(c) www.politicalresources.net/ africa-map.htm

This map shows the areas of Ebola outbreaks in Africa in red.


Yambuku, Zaire: 1976

Ebola was first discovered in Yambuku, Zaire in 1976. It was spread through the use of contaminated syringes to dispense malaria medication, as well as other drugs, at the Yambuku Mission Hospital, located in the village. People came from all over to the hospital every day for treatment of all sorts of maladies, and went back with satisfaction at Western medicine, and the Ebola virus. The virus that lay quietly inside them would quickly develop into full blown hemorrhagic fever, with a 90% mortality rate. The index case was discovered to be someone who had recently returned from traveling outside of the village, and could have been in contact with bush meat or the animal vector of Ebola. The virus spread far beyond the initial village, causing widespread panic, and global action by public health authorities. Epidemiologists and doctors from all over came to Zaire to help with the epidemic and to learn more about the mysterious new disease. But as mysteriously as it arrived, Ebola soon died out and faded in people’s minds. But this was not the end.

N’zara, Sudan: 1976

At the same time as panic was breaking out in Yambuku and all over Zaire, the southern part of Sudan was also dealing with an epidemic of a strange disease as well, also centered around a hospital facility. Scientists soon made the connection between the epidemics in Zaire and Sudan, and named the two slightly different strains of the virus after the countries where they were discovered. In general, the Sudan strain of Ebola was a little bit more mild than the Zaire strain, with a 50% mortality rate.

After these first initial outbreaks, and smaller ones in the same locations in the few years following, Ebola went back to its dormant state in nature. It stayed there until the 1990’s when again it began to emerge in epidemics throughout areas of Africa. And it has kept coming back ever since.

Reston, Virginia: 1989

The first major outbreak of Ebola outside of Africa occurred right here in the United States, just minutes away from the capital. Monkeys in a quarantine facility in Reston, Virginia became ill with a mysterious virus in 1989. Researchers from the United States Army Medical Research Institute of Infectious Diseases (USAMRIID) investigated the outbreak, and discovered that the symptoms present in the monkeys were very similar to those that monkeys infected with Ebola demonstrated. After running tests and looking at the samples under the electron microscope, scientists were given the jarring results that indeed the monkeys were infected with Ebola, making this the first major epidemic of Ebola in the United States. The research and quarantine facility was designated as a “hot zone.” Scientists from USAMRIID took biosafety level 4 precautions before entering the building and euthanized all the animals and sterilized the entire building with bleach and fumes. No humans showed symptoms of Ebola from this epidemic, although some people exhibited antibodies to the virus after contact.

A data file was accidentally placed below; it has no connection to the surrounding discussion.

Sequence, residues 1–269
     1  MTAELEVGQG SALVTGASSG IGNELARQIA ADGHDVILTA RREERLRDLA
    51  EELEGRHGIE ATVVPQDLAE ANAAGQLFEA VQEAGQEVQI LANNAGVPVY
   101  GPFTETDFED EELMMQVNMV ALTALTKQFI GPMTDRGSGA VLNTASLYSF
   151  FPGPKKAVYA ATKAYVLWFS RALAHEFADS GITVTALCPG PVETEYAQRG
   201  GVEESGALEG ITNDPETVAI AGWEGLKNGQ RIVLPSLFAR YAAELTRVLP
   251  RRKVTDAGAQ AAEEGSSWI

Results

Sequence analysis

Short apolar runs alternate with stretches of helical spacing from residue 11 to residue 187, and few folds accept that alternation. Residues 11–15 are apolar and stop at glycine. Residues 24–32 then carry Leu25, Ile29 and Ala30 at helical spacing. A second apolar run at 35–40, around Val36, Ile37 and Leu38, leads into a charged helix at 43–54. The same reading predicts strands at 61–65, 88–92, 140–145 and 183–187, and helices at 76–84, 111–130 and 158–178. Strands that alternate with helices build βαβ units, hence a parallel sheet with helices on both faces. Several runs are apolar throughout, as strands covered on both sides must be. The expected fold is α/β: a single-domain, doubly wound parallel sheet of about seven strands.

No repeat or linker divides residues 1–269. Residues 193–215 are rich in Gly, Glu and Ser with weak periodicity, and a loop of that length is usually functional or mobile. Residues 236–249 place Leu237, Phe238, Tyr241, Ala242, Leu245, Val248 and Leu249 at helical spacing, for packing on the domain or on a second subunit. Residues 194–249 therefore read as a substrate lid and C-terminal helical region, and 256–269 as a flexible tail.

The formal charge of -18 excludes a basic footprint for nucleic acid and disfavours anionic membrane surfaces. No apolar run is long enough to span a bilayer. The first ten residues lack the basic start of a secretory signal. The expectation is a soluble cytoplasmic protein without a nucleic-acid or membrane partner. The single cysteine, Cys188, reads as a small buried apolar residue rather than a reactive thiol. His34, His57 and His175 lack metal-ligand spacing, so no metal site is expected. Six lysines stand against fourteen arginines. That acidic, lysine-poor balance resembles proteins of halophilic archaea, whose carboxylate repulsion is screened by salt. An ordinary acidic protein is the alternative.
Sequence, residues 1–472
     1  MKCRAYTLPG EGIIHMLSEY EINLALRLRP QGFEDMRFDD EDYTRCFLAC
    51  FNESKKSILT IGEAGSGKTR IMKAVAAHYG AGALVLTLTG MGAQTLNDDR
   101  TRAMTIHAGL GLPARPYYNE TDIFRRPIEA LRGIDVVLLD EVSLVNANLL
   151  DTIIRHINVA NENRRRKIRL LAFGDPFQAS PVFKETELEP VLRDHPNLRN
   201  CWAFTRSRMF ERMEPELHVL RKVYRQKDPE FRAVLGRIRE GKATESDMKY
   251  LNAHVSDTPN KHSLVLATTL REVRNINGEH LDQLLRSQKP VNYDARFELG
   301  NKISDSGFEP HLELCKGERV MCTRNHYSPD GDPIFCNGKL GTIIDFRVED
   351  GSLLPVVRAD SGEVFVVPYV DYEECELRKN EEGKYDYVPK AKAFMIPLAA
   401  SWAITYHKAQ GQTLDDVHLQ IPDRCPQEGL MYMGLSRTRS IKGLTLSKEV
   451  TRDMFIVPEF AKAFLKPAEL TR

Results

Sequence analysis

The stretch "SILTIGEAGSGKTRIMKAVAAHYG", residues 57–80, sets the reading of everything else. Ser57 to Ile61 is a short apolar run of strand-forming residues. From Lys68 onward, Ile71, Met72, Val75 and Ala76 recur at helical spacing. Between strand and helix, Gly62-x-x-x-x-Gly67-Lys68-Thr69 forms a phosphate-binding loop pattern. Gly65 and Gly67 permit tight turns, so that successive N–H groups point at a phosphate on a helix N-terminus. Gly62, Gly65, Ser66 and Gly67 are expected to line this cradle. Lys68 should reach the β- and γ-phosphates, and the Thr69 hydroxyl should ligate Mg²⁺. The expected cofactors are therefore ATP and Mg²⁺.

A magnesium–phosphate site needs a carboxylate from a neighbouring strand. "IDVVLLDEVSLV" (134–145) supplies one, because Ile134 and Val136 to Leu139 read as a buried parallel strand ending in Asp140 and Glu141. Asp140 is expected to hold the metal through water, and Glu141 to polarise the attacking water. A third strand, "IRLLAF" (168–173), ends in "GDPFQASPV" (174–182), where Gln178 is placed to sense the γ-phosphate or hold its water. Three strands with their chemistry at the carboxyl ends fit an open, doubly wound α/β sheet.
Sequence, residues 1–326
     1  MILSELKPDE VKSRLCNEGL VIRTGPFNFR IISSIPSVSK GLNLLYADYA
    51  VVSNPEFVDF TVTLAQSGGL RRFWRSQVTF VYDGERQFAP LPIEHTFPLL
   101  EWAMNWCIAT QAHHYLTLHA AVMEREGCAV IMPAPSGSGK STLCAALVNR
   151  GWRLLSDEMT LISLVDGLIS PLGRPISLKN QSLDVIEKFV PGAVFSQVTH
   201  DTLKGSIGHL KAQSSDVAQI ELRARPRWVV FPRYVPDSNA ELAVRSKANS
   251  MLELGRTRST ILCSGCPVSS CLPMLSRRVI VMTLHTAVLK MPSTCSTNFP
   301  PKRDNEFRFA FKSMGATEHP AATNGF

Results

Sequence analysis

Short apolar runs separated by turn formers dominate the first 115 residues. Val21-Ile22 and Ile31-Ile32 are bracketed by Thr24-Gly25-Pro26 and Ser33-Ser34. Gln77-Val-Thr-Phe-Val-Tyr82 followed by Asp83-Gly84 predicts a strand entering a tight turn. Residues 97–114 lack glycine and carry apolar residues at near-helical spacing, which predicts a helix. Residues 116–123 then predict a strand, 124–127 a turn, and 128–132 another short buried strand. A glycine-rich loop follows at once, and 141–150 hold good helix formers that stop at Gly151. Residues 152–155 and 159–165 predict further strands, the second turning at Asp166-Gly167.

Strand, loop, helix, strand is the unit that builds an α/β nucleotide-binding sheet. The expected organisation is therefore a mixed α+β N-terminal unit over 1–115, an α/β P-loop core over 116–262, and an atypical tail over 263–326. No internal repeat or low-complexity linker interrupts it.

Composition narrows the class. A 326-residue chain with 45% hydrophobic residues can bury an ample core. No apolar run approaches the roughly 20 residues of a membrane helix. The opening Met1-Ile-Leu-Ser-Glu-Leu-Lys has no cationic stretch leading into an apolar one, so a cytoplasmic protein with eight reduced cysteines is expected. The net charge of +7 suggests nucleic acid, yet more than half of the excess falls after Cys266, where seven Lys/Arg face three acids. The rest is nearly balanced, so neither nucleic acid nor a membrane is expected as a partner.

1990’s and Beyond 

Ebola outbreaks have become more and more frequent in the last 10 years, mostly in the same parts of Africa where the original outbreaks occurred. Between 1994 and 1996, outbreaks of Ebola-Zaire occurred in parts of South Africa, Gabon, and the Congo. The reemergence of the same virus that hadn’t been seen since the 1970’s, and the fact that the virus was almost virtually the same, has scientists concerned by the durability and resilience of the virus.

Also, new strain of Ebola, Ebola-Ivory Coast, was identified in 1994 along the Ivory Coast. At the same time, Ebola-Reston popped up in a few monkey facilities in various places around the world, but still hasn’t proven itself capable of causing illness in humans.

With the dawn of a new millennium brought a clean slate for public health efforts in preventing and curing many of the diseases that plague humanity, Ebola included. However, in 2000, Ebola-Sudan emerged in Uganda, infecting 425 people. And in 2001, Ebola-Zaire appeared again in Gabon and the Congo, infecting 122 people. These recent outbreaks warned humanity that Ebola is still a threat today and everyday. If people do not change their ways, and if the forests that house Ebola’s natural vector continue to be destroyed, people must be prepared for the consequences of another outbreak of Ebola, or a new disease that has remained hidden until now.


In the news recently, there has been concern over the dramatic decline of the populations of great apes in Africa. Originally, this decline was attributed to loss of habitats by deforestation and poaching, but as the ape populations in remote areas of the deep jungle were studied, the decline there was also noticeable and since the areas were too wild for humans to penetrate, researchers have begun to suspect Ebola as a major cause of death. Because of their relatively slow reproduction rate, if the infection is not stopped in the apes, the population could very well never recover from the disease and go extinct.


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